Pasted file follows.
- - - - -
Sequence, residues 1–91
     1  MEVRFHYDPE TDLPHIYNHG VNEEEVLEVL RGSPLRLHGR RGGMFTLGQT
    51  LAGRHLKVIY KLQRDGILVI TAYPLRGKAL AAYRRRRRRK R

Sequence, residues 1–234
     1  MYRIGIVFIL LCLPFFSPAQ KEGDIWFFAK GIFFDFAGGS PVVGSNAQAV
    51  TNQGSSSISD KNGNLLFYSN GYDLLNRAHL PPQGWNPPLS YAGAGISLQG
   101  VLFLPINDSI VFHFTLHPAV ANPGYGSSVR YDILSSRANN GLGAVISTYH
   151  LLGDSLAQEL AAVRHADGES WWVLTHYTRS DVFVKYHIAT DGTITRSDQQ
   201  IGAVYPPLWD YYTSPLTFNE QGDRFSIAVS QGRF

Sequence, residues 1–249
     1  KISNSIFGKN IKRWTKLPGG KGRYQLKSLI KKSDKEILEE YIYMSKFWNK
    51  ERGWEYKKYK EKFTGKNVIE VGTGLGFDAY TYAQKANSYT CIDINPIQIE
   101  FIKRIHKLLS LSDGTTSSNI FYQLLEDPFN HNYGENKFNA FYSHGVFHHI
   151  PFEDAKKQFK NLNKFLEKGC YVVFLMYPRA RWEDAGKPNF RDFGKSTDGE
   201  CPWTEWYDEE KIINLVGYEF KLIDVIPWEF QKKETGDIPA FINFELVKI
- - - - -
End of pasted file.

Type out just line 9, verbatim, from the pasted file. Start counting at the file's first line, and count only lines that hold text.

   201  IGAVYPPLWD YYTSPLTFNE QGDRFSIAVS QGRF